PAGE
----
“But we just got here.” Jimmy whined as he slumped back into his seat.
“And now we are leaving.” The big metal door slammed shut with a loud bang that made Jimmy jump.
Rex lumbered back to the console and started to press buttons furiously.
Jimmy scurried to watch over Rex’s shoulder.
“You told me you knew what you were doing. You told me we were going to see some awesome fireworks.”
“Go, sit down.” Rex grumbled. “I told you not to worry. Chill out.”
Jimmy twisted his face and stomped off as far as he could get from his brother – which was a mere couple of feet to a small bench seat taken from a rundown diner.
“We’re lost.” Jimmy sobbed into the vinyl cushion. “And I want to see the fireworks.”
“For the hundredth time, we are not lost.” Rex growled. “We’re, um…” Rex paused his frantic button pushing and fell back into his seat.
“We are just a bit scattered,” he said, slightly defeated.
Jimmy lifted up his red face, streaked with tears, and stared at Rex. He had never seen his brother so confused and frustrated at the same time.
“What do you mean by scattered?” he sniffled.
Rex sighed. The last thing he wanted to do was try to explain quantum theory to his baby brother.
“I told you we were traveling in a time machine, right?”
Jimmy nodded and wiped his eyes.
“Well, as we traveled through space and time…”
“We went through space?” Jimmy asked incredulously.
“Sort of.” Rex could already tell that this was not going to be easy. He swiveled his chair around and brought his face to Jimmy’s eye level.
“As we traveled and even when I built this thing, I assumed time to be linear. In a straight line.” Rex swiped his hand across the air. “Like the number line you learned in school.”
Jimmy stared intently at Rex, captivated.
“But there are some scientists that believe that time is not in a straight line. That there can be more than one thing happening at a time. So instead of one line, there can be multiple lines and sometimes it is possible to jump between them.”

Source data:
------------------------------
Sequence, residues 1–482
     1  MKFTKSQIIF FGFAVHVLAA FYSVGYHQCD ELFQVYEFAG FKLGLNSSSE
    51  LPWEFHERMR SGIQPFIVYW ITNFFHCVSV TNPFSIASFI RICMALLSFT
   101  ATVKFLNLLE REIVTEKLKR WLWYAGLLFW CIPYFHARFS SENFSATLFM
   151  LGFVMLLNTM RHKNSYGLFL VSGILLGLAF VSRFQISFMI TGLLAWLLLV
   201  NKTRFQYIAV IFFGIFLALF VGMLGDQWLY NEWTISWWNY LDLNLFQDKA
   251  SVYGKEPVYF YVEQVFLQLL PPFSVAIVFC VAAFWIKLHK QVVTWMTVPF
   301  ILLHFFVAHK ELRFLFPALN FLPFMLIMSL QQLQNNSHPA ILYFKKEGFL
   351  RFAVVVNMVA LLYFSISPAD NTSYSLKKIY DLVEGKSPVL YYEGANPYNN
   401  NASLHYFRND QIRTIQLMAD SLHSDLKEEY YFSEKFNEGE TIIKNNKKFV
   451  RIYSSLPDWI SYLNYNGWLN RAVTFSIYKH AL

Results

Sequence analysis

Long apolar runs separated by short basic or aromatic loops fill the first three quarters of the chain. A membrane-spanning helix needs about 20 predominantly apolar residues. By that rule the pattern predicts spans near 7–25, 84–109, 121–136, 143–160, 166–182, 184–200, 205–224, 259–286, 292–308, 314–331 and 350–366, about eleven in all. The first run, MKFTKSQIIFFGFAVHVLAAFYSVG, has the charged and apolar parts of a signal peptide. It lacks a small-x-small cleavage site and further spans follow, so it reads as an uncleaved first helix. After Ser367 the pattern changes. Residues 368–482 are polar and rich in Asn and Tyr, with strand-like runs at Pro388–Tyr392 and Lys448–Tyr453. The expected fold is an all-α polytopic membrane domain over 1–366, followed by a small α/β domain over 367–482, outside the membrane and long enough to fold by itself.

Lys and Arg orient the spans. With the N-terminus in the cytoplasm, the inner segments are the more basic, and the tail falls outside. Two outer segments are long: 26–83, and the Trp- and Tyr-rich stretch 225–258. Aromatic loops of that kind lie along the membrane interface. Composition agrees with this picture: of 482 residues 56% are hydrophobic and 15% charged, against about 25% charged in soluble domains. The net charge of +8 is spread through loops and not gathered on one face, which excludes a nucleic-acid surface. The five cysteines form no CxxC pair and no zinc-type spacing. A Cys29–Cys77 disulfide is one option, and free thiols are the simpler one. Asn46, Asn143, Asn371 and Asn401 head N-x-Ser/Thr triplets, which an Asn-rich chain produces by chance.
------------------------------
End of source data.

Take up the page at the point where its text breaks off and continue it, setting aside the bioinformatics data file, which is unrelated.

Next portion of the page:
“So… we are lost on another line?” Jimmy tilted his head like a tearful-eyed puppy.
“We are not lost!” Rex yelled in exasperation.
“Then where are we?” asked Jimmy, in a you-think-you-are-so-smart tone.
“We are in Washington D.C. on the evening of July 4, 2007,” Rex said matter-of-factly.
Jimmy hurried over to the big bay door, struggling to open it. “Let me out! I want to see the fireworks!” he screamed.
Rex tore from his seat and tripped in his attempt to block Jimmy from opening the door. With all of his might, Jimmy managed to pull the door ajar. A stream of light burst through into the machine. Jimmy stood frozen as colors from across the spectrum surged towards the heavens with a loud bang and a subsequent whistle. The rockets erupted in neon colors of yellow and blue across the grey-green sky. The Washington Monument rose up as a dark grey hue, opposite of the familiar stark white obelisk.
“This is amazing!” Jimmy screamed out to the world. “It’s like we are in a comic book.”
Rex felt his heart beating in his throat and his stomach twisted in revolt.
“This is all wrong.” He murmured. “All wrong.”
The visible light spectrum appeared out of whack like the heat signatures had somehow reversed. Light particles reflected and bounced all over the place. Light waves moved in pulses. They were observing light as both a particle and a wave, at the same time. Impossible. But here it was.
Rex’s eyes fixated on the bursts of light and the knot in his stomach tightened.
“We have to go,” Rex said urgently.
“But this is so cool,” said Jimmy as he remained rooted to his spot. “Plus, you promised me fireworks!”
“I know.” Rex answered, resigned. “But, but I think we are lost.”